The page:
Sydney bus strike: ’Winter of discontent’ hangs over privatisation move
Summary: Further strike action on Sydney’s buses is on the cards, with the union threatening workers will walk off the job over winter if the Premier doesn’t step in a halt its plans to privatise inner west buses.....
Last night in a letter to commuters, the union threatened the government with further strike action.
“If the Premier does not intervene as a matter of urgency this will, indeed, be Sydney’s winter of discontent,” the letter said.
“On Monday, without warning, without consulting any public transport worker or a single Sydneysider Minister Constance announced that he would fully privatise one third of Sydney’s entire public bus network.
“This will affect a massive area of our city, including tens of thousands of commuters who’ll face disruption and 1,200 public transport workers who’ll lose their jobs.
Meanwhile, the union boss behind today’s illegal strike has been accused of “making excuses” after he claimed to be “sleeping like a baby” during a crucial period last night when the industrial action should have been halted.
The IRC ruled last night that today’s highly disruptive bus strike in the inner west should not proceed and drivers staging industrial action would be in breach of the law.
It also ordered the Rail, Tram and Bus Union (RTBU) to inform workers of the order and to tell them comply with it — a move that would have effectively ended the 24-hour strike, which began at midnight.
But RTBU boss Chris Preston, head of the union’s bus division, was asleep at the wheel — literally.
He said today, “Put it this way — you might hear it in my voice — I haven’t been that well for the last few days.
“I slept like a baby last night, woke up at five o’clock and saw the orders. Once I saw the orders … logistically it would have been impossible for me to get these workers back.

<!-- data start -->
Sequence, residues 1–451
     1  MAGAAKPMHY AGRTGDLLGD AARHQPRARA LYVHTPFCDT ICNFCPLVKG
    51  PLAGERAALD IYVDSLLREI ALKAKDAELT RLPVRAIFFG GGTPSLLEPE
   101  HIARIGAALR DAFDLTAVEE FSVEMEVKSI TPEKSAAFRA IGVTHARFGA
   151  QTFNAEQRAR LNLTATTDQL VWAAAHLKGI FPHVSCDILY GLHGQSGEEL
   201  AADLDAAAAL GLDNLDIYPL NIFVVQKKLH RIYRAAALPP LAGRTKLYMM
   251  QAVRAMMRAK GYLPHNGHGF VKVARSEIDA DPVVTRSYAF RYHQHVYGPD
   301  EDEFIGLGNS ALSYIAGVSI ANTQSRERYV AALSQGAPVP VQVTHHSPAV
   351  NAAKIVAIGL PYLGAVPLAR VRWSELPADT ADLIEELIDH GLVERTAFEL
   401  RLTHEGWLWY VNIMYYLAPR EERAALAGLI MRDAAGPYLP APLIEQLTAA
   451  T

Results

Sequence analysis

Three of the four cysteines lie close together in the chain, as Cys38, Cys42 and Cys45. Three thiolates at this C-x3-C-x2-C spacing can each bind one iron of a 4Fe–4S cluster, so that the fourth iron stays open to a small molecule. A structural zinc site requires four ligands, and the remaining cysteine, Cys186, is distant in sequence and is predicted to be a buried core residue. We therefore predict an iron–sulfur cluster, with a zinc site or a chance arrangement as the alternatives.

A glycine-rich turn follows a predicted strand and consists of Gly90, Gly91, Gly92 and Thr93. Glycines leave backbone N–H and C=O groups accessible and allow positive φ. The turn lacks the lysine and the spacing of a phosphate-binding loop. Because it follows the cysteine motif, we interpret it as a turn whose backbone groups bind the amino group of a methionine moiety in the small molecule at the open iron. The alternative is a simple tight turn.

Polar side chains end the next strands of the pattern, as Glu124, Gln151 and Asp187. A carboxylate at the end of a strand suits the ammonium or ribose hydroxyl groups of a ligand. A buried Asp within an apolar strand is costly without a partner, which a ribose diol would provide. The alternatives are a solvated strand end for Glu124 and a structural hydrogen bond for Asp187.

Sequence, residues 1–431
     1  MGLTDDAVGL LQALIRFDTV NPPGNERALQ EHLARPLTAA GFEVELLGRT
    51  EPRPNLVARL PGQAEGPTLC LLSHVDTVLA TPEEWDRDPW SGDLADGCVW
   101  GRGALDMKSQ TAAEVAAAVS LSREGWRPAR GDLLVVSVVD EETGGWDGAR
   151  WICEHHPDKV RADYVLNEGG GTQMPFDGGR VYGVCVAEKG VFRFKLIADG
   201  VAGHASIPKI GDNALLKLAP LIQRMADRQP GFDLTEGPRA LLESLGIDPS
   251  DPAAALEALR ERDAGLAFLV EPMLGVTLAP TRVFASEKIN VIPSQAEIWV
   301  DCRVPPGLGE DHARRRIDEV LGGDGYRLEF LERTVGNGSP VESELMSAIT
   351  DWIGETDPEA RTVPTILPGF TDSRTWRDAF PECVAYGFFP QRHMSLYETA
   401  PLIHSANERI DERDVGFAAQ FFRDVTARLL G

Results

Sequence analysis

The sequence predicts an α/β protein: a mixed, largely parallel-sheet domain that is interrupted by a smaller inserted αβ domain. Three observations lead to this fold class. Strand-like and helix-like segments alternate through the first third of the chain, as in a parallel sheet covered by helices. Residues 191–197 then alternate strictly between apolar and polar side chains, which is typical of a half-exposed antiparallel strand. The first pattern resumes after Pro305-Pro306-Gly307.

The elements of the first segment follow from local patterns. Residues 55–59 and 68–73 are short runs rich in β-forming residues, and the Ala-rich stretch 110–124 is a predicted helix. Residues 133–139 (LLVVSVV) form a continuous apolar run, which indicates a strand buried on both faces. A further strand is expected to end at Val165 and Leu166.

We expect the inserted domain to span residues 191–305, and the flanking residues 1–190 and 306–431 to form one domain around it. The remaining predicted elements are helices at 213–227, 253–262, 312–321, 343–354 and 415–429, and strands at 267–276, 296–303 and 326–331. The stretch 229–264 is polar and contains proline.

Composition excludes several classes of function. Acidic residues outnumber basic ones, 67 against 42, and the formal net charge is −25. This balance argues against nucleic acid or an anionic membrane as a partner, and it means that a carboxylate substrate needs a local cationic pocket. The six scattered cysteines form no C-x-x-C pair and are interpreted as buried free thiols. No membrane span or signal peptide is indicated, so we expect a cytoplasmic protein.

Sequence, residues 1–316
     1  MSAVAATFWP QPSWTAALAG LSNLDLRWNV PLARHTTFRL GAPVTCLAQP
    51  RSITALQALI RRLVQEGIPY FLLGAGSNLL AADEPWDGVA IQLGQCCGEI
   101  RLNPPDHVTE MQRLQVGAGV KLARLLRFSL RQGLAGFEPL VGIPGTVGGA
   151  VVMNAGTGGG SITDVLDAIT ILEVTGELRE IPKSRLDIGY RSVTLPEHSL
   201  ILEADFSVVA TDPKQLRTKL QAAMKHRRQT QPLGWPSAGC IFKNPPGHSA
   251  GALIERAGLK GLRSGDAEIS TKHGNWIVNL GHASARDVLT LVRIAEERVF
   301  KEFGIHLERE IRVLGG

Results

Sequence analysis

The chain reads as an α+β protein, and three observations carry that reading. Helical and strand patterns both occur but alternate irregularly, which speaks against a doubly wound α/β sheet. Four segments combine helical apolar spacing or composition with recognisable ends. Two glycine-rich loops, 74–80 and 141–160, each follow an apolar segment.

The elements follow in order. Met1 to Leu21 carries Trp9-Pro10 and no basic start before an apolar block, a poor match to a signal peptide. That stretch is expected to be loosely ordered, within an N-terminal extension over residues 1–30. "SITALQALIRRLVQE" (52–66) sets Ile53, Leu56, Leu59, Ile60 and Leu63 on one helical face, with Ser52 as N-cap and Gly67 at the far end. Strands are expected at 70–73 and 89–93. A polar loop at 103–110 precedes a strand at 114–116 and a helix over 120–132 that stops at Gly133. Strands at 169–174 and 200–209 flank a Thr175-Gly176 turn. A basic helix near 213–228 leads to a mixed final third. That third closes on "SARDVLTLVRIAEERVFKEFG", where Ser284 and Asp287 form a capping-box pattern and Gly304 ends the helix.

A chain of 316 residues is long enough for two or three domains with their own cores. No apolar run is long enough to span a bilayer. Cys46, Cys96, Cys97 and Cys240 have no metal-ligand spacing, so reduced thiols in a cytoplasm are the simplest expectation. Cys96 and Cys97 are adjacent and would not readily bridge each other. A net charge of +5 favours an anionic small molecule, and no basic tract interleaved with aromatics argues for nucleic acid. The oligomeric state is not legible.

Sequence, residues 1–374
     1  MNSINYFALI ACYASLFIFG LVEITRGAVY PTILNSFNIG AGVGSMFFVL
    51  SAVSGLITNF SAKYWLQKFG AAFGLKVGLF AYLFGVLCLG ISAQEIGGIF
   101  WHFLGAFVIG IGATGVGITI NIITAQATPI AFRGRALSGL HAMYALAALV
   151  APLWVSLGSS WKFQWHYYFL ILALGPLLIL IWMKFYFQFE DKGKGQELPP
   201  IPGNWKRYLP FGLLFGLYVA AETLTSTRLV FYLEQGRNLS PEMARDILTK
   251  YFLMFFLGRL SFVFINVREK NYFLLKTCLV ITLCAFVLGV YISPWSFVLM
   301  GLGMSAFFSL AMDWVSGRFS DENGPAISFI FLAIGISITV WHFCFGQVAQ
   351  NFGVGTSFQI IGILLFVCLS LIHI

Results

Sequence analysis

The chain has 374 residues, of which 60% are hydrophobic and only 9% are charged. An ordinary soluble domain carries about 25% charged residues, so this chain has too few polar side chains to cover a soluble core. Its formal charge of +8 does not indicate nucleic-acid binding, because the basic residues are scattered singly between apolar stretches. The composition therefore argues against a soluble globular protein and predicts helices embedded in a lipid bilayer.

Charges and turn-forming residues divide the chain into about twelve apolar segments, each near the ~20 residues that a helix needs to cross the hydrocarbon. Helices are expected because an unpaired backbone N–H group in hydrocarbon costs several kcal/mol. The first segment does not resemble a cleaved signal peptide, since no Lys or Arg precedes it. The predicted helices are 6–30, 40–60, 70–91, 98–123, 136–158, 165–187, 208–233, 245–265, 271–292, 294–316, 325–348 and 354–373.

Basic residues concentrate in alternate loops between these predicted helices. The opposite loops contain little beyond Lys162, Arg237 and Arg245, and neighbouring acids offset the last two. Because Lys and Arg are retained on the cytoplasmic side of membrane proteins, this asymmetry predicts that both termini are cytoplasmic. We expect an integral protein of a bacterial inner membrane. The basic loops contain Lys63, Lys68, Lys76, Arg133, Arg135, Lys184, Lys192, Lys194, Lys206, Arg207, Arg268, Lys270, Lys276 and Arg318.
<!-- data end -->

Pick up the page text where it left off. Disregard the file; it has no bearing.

“And even if I tried to get them back, as you’ve heard here today, this isn’t Chris Preston or the RTBU calling this, it’s the members of the RTBU.
“I complied with the orders as best I can.”
The union may now face a fine of up to $10,000 for not halting the strike.
Transport Minister Andrew Constance said Mr Preston was making excuses.
“We will look very seriously at the consequences of that, if we have to go to the Supreme Court this afternoon that’s what we will do,” he said.
“Nobody is going to accept Mr Preston’s excuse, sitting up in bed with a cup of Milo and a milk arrowroot that he wasn’t aware what happened at the IRC last night.”
The strike was called because of anger over plans to privatise inner west bus services.
The Daily Telegraph understands just six of the 1200 bus drivers who work in the inner west turned up for work today.
The government is withholding all wages of those on strike, expected to total around $230,000.
The union-led bus strike which caused chaos across Sydney today cost the economy a whopping $2 million, it has been claimed.
The NSW Business Chamber estimates the strike, set to continue this evening, could cost employers $2 million in lost productivity.
Some people travelling to work this morning were delayed by the chaos, turning up late for work or even turning back and working from home.
Others soldiered on, catching trains or making alternative plans.
Dozens of striking drivers appeared at a press conference with union bosses near State Parliament this morning and strongly indicated they would not be heading back to work today, defying the orders of the Industrial Relations Commission.
NSW Transport Minister Andrew Constance delivered a blunt message to bus drivers who failed to turn up for their shifts today as part of industrial action protesting the privatisation of bus routes.
Last night the Industrial Relations Commission ordered that the Rail, Tram and Bus Union and its members immediately cease organising or taking any form of strike action against the planned privatisation of some bus services in the Inner West.
But Rail, Tram and Bus Union spokesman Chris Preston said they only saw orders at 5am.
“Logistically I wouldn’t be able to get these workers back to work,”
“And even if I saw these orders at the time they were handed down the drivers wouldn’t come back to work.
“What today’s action is about, is the transport minister. Yes, I might be the figure head of the union, but the union is its members and the members have made their decision.”
The strike was called after the state government announced it would privatise the entire Inner West fleet. The depots affected include Leichhardt, Burwood, Kingsgrove and Tempe.